“Secondly, the roads are fast up to the Vendée from the finish of the stage. I expect it will be a five-hour drive or so, and the stage finishes early. On the bus the riders will have food prepared by our chefs and a decent level of comfort. The doctor and chiro will travel on the bus in case there are any serious issues to take care of. The riders have access to Normatec and Incrediwear recovery tools and they have space to stretch, etc.
“We quite routinely do three-hour transfers in races, so although it is longer than usual, I don't think anyone will be too fazed by it. We have a rest day the following day and the guys will be fed and tucked up in bed before midnight, without any worries,” said Southam.
The UCI rules do prohibit teams taking alternative air travel, a helicopter for example, so since no air transfers are part of the Tour plan this year, teams have no other options but to travel by bus and car.
"The lack of air transfers at this year’s Tour de France hasn’t presented a big challenge for us. In fact, it could well be the preferable scenario," said CCC Team sporting manager Steve Bauer, who is the head directeur sportif at the Tour.
"Whilst the charter flights in previous years have been well organized, often then require a drive of up to two hours to even reach the airport and the same on the other end once the flight has landed. So, by the time you add this time together, it’s still a long evening or day of traveling that could be been done faster by vehicle. The team buses provide a comfortable setting and the riders can rest and recover better in this controlled environment so we are happy with the logistics this year."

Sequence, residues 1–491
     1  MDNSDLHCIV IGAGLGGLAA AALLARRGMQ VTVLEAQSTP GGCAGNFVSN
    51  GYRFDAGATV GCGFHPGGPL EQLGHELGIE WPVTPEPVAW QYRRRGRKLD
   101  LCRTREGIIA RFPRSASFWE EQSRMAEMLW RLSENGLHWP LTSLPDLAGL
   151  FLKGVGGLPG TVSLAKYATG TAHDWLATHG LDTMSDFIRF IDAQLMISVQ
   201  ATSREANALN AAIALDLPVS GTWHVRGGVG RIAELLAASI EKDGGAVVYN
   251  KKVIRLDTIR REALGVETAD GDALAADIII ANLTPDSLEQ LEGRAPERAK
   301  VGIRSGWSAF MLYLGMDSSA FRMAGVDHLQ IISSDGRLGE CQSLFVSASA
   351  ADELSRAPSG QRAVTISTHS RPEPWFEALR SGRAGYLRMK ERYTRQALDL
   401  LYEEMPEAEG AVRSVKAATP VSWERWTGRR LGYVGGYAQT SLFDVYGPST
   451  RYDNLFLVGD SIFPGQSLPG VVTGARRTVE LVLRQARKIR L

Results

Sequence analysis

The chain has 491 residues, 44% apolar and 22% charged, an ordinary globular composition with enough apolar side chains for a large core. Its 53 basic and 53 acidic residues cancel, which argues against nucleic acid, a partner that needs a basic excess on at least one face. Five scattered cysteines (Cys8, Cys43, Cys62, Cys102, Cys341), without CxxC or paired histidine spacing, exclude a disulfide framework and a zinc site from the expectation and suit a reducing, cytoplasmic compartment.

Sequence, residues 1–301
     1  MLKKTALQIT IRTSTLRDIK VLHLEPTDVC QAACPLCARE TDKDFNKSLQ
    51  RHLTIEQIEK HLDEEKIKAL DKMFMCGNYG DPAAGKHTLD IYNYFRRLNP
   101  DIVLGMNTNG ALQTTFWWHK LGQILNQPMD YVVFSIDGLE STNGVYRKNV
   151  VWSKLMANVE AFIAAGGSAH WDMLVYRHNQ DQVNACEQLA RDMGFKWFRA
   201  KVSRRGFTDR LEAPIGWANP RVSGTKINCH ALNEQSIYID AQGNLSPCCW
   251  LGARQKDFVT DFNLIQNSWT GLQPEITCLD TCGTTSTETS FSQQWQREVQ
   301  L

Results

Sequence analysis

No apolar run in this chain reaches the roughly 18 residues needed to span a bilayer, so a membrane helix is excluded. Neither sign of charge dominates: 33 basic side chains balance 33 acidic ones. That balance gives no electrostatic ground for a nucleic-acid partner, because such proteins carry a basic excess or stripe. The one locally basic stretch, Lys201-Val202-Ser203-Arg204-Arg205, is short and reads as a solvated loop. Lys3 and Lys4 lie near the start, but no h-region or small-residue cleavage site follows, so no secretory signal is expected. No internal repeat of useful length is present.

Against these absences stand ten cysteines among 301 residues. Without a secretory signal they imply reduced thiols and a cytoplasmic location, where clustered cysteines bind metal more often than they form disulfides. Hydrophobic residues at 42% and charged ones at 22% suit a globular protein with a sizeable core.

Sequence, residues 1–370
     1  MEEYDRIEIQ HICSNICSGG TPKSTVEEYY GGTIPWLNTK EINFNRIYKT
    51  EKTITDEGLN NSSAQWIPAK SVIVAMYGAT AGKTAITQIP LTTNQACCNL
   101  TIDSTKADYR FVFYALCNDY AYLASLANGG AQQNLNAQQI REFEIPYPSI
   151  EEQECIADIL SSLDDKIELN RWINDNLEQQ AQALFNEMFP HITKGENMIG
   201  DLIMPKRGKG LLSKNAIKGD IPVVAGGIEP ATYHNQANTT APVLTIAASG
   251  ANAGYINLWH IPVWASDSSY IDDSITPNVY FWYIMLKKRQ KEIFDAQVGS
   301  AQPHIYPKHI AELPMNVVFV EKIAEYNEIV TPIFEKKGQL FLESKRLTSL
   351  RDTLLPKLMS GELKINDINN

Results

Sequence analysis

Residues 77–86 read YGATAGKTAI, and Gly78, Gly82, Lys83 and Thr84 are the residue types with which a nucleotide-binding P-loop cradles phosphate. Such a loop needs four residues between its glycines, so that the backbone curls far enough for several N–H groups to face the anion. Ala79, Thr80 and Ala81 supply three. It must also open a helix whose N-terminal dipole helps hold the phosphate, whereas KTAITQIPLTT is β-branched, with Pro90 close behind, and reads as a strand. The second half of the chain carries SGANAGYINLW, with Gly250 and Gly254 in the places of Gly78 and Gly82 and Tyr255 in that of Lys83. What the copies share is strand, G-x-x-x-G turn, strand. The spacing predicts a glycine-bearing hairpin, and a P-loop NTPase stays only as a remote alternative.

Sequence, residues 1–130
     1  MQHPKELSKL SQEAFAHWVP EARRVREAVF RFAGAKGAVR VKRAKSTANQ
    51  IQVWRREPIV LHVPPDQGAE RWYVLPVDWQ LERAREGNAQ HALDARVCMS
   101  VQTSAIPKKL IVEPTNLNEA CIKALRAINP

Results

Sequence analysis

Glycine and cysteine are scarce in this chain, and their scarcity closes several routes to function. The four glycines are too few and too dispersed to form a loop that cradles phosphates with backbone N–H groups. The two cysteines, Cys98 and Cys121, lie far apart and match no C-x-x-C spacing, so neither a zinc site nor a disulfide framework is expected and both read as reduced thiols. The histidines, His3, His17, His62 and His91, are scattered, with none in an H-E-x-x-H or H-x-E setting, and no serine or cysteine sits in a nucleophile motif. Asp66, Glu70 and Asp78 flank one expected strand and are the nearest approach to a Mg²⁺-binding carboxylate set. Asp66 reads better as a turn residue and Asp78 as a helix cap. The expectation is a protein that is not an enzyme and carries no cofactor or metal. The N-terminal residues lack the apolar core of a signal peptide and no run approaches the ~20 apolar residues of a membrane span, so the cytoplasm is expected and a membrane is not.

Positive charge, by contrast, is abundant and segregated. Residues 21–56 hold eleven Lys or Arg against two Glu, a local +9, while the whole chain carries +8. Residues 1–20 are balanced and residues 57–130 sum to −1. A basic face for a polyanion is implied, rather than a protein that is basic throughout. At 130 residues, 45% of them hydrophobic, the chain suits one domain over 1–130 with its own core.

Trek-Segafredo said since their service course is located in Belgium, it will not be difficult to organise transportation for the Tour. To maintain safety protocols for staff, private vehicles will be used to maintain the “bubble.”
The bubble in France
Tour de France organiser ASO distributed its COVID-19 medical protocol to the 22 teams racing at this year’s race during the recent Criterium du Dauphine.
New rules for this year’s race begin with the size limit of the Tour entourage, with each team comprised of up to 30 people, including riders and staffers, starting three days before Saturday's opening stage and running through the final stage in Paris on September 20.
This is the “team bubble” which works to encapsulate team members outside the peloton, from moving from finish and start lines and hotels to eating meals. The key "race bubble" includes all the 22 teams and key race staff and officials.
“Our goal was to keep team personnel numbers as low as possible and with the ASO organizing the final pre-race PCR test and tests on the rest days, this takes away a big logistical challenge for us," said Bauer about CCC Team.
"We have our own internal COVID-19 policy which riders and staff are required to respect and the ASO has also implemented a very strict protocol when it comes to daily practices at the race and interaction between teams and external parties."
“The health and safety of our riders and staff is of the utmost priority so once we enter the bubble in Nice, we will be following these protocols, as we have already been doing since racing resumed.”
A bubble is defined as a group of people who share an exclusive space and restrict physical contact with those outside this household, which can be family and friends, or in this case a pro cycling team.